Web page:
Meeting Mentor Magazine

July 2017

The Trouble with Airlines:
Not Enough Competition

Following the high-profile controversy involving United Airlines physically removing a passenger from a flight in April, both the House Transportation & Infrastructure Committee and the Senate Commerce Committee held hearings in early May to discuss the state of the airline industry.

“It’s an absolute joke that there’s competition within the airline industry,” Rep. Duncan Hunter (R.-Calif.) said at the hearings. “The airline industry has become anti-competitive and consumers are being hurt in the process.”

The U.S. Travel Association expressed a similar opinion: “One major issue underlies major carriers’ recent foibles: dwindling choice in the aviation marketplace,” the association stated in a May 1 press release.

According to recent data released by the U.S. Travel Association, one of the four biggest domestic airlines (American, Delta, Southwest and United) currently controls more than 50 percent of seat capacity on flights out of 155 U.S. airports. Further, 74 of those airports are 100 percent dominated by one of those airlines.

“We all should want U.S. airlines to be healthy and profitable, but for too long they’ve dominated aviation policymaking at the expense of the traveling public, and the moment to reverse that trend has clearly arrived,” said U.S. Travel Association Executive Vice President for Public Affairs Jonathan Grella.

U.S. Travel data also found that the four biggest airlines control nearly 69 percent of domestic seat capacity. Internationally, American, Delta and United and their joint venture partners control 82 percent of seat capacity on trans-Atlantic flights. Further, nearly 68 percent of U.S. airports have lost connectivity over the last decade, according to the U.S. Travel Association data.

The data is part of the association’s upcoming aviation policy blueprint, which will use “intensive research to identify problems in the U.S. passenger aviation marketplace and recommend policy solutions to address them.” Among the association’s policy recommendations for enhancing competition:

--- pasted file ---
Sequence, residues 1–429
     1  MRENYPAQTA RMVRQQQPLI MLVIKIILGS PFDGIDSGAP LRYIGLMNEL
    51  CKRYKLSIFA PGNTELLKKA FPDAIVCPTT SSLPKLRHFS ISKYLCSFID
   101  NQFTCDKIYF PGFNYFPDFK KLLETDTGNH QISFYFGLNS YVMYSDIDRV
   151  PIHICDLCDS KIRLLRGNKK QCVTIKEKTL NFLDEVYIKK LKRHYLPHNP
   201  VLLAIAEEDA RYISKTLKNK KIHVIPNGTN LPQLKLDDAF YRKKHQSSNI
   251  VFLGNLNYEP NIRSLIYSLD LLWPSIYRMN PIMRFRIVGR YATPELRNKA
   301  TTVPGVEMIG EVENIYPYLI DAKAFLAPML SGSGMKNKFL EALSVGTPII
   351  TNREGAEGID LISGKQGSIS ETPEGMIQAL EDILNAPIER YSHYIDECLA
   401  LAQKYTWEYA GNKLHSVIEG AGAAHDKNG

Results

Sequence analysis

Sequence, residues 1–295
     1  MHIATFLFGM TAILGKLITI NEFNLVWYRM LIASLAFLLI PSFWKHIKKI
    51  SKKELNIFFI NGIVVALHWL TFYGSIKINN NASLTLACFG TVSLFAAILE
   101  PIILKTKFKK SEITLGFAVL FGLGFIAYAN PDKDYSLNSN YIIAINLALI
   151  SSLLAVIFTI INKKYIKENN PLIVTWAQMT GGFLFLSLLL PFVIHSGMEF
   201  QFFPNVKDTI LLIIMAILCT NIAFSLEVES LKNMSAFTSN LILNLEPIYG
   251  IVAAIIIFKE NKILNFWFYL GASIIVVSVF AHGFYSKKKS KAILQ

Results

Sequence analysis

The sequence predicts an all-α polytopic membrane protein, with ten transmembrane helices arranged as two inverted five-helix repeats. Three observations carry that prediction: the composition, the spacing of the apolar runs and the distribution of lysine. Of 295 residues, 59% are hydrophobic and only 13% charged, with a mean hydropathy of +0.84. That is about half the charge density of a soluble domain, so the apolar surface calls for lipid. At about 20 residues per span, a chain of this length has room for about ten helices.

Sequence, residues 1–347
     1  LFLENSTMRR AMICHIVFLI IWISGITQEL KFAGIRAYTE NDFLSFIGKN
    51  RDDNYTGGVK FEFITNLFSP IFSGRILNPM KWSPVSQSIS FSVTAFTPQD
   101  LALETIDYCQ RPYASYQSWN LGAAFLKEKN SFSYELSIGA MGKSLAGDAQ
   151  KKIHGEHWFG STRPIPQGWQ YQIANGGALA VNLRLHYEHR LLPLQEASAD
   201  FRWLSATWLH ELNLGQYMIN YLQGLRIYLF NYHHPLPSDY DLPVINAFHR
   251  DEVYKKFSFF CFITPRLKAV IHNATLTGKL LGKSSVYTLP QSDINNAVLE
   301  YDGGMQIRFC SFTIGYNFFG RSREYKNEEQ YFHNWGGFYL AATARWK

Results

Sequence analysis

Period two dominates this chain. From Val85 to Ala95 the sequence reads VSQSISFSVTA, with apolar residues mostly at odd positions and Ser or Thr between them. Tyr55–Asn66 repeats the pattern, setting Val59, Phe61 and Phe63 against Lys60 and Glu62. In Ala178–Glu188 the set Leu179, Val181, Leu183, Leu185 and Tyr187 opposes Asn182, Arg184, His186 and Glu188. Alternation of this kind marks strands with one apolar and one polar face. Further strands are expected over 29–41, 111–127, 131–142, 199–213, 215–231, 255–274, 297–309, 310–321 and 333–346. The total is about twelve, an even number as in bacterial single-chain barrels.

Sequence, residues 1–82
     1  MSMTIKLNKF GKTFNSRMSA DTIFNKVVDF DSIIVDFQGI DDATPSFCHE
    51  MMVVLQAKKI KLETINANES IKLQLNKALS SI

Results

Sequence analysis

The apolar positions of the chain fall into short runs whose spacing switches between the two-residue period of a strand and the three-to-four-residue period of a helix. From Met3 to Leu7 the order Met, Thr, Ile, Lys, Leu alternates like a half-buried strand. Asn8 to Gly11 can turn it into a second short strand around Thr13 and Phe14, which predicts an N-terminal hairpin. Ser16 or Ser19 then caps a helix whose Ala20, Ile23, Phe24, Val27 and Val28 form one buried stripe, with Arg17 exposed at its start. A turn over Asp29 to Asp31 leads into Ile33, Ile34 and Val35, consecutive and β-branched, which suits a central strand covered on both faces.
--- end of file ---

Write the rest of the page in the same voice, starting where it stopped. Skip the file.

Protect and expand U.S. Open Skies agreements, and keep government regulation out of the marketplace.

Rigorous and consistent review of antitrust immunity granted to airlines to ensure these policies are benefiting travelers and encouraging new entrants into the U.S. aviation marketplace.

Invest in airport infrastructure and restore local control of airport expansion projects by allowing airport authorities to set Passenger Facility Charge rates, which are currently capped at $4.50 and have not been changed since 2000.

Let airports partner directly with destinations and airlines to market and develop new air service routes. Federal regulations currently prohibit airports from using their own revenues to work on expanding air service through destination marketing and cash incentives to airlines.

Seat Size is a Big Issue
At the Congressional hearings earlier this month, members of Congress and consumer groups discussed anti-competitive behavior and poor customer service. Others complained about shrinking seats on flights. American Airlines recently announced it would reduce legroom from 31 inches to 30 inches — similar to budget airlines like Spirit Airlines. Uncomfortable seats are the top complaint for air travelers, with 77 percent citing it as the most hated aspect of flying. “Talk to any passenger — they feel that they are being treated as self-loading cargo,” Sen. Bill Nelson, (D.-Fla.) said at the congressional hearing.

On the plus side: Airfares are historically low, thanks in large part to low gas prices.
— Regina McGee

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